She seems to be quite bookish, this Murasaki. Everyone has heard by now of how she was raised by her father and given a man's education, and they say that she is even tutoring the Empress in the same. When I think of the contortions I had to go through never to show definitively how much I know of the Chinese classics (more than many men, to be perfectly frank) when I was at court, I admit it seems rather unfair.
Of course, it seems that the Empress is quite serious too, not at all like Her Late Majesty, and I am quite glad to have served the latter rather than the former. I would not have lasted long under the Empress, in any case!
Reading the diary, I could not help but compare the events it described with the birth of Her Majesty's last child, in circumstances as different as spring from autumn. When the little girl, Princess Bishi, died suddenly last summer everyone was surprised and dismayed, for she had survived a much longer illness only the previous spring. Hardly anyone at court attended the funeral, for fear of bearing ill fortune back to Their Majesties; we made a sad little company at the rites, mostly those of us who had the fortune to serve in Her Late Majesty's court, or who had been closely associated with the late Regent and his sons. The sight of the Associate Minister wiping his tears on his sleeve was deeply moving; had she shown her face, I think that Murasaki would have found it quite affecting. Her Genji is as much Korechika as Michinaga, after all.
Although I had not intended to work on my pillow book that day, when I retired to my bed that night I found that I could not banish the memories and images the day's reading and conversation had summoned. But I knew what I had to do as well as any priest or yin-yang master, and, rising, I lit a lamp and pulled my writing box toward me.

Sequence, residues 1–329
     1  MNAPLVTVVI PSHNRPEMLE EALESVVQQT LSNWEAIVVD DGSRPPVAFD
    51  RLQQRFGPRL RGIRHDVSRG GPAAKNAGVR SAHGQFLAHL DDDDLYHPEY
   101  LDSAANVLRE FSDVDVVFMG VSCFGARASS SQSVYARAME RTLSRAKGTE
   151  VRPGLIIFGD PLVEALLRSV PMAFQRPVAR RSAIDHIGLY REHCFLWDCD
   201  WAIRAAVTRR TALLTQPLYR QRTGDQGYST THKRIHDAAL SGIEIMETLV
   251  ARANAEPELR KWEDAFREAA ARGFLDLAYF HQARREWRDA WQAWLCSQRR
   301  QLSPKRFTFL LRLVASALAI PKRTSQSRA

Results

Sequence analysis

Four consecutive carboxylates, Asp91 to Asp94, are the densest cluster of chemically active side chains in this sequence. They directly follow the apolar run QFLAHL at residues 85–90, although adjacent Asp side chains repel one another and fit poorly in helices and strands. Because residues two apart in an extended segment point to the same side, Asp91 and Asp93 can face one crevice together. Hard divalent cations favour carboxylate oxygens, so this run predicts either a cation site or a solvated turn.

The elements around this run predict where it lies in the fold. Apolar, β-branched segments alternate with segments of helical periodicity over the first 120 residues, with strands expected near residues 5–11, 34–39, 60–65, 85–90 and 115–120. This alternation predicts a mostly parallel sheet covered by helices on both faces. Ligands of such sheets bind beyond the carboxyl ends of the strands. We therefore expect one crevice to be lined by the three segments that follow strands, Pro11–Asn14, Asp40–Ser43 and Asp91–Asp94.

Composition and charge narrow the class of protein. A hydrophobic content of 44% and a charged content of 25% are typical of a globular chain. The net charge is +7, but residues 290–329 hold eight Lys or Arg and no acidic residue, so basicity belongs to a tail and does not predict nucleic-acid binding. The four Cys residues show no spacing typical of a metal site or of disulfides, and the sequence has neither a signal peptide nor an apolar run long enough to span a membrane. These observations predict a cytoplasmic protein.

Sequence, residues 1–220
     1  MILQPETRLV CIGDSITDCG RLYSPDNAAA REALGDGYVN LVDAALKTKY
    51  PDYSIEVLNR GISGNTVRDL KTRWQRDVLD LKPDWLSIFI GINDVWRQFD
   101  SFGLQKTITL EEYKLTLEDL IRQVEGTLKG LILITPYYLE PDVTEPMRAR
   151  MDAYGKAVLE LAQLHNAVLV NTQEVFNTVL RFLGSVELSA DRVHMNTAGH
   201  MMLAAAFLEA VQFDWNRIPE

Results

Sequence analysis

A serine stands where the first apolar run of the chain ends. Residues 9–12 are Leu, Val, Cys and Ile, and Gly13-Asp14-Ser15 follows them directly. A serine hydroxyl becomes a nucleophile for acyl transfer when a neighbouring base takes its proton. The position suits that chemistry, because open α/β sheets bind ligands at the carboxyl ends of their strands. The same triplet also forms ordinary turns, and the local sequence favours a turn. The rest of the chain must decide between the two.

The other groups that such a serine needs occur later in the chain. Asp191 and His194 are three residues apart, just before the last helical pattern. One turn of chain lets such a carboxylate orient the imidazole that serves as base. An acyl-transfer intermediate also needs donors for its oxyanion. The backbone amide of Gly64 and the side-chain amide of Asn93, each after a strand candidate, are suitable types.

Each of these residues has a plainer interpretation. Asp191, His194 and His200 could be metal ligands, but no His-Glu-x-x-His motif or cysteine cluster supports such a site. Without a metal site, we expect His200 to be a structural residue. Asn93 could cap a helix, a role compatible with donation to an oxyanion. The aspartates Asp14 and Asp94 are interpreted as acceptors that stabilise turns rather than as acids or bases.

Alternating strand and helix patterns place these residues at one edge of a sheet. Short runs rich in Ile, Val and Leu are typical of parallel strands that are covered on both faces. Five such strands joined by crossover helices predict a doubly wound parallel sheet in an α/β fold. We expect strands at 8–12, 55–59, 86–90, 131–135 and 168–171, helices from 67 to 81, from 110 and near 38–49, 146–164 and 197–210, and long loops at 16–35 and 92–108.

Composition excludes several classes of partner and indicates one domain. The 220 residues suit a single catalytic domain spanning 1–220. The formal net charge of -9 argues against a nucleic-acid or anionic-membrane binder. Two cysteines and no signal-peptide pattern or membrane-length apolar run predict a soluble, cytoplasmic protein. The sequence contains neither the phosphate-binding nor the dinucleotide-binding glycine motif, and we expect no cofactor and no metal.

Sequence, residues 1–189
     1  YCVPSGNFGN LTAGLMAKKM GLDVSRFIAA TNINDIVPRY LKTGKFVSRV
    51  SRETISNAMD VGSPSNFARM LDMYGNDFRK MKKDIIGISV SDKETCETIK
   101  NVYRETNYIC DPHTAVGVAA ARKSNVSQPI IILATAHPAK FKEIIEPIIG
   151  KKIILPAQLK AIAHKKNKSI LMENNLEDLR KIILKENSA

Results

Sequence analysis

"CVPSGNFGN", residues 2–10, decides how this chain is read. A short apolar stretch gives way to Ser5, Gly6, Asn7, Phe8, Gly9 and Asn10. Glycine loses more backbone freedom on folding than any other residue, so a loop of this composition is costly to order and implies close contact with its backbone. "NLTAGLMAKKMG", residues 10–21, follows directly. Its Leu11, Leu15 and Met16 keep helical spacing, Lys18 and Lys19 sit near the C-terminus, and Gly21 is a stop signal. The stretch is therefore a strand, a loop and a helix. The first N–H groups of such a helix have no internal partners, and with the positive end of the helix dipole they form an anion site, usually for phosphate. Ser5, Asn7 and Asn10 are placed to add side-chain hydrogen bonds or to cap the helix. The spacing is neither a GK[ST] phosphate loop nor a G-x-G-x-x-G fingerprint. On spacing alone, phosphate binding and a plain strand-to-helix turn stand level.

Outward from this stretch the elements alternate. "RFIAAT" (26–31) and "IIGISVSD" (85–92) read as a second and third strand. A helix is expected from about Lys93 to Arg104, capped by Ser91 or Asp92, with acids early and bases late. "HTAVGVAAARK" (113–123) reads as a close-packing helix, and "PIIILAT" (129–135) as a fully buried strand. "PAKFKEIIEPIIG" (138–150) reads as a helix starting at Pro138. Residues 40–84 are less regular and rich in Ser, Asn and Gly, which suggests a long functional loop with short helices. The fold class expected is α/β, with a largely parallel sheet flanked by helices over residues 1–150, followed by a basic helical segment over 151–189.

The sound of the inkstick rubbing against the stone highlighted the silence of the house; it has been quite empty since my mother's death and my son's marriage. Somehow, without intending it, I have become like one of those ladies in the tales who live alone in mysterious obscurity until the hero happens upon them, but I am neither mysterious nor obscure, and I am quite sure that there is no young, handsome hero who will find his way to my house by destiny, not that I would want him anyway.
I finished preparing the ink and selected another sheet from the bundle of paper that the Associate Minister gave to Her Late Majesty so long ago. I did not have many blank sheets left; soon I would decide on a final order and have my originals bound together, though I suspected there was not much I could do about the sections that people were already sharing amongst themselves; undoubtedly they were quite a jumble by now, and new readers thought the worst of me. After all, the appearance of spontaneity is quite different from disorder.
I dipped my brush in the ink and, after a moment's thought, began to write.
One day in early spring, when Her Majesty was resident in the Office of the Empress's Household, a messenger came late in the morning from her brother the Associate Minister, bearing a pine branch around which an elegant strip of paper had been wound. I was sitting nearest the blinds, so I accepted the message.
"'People are saying…"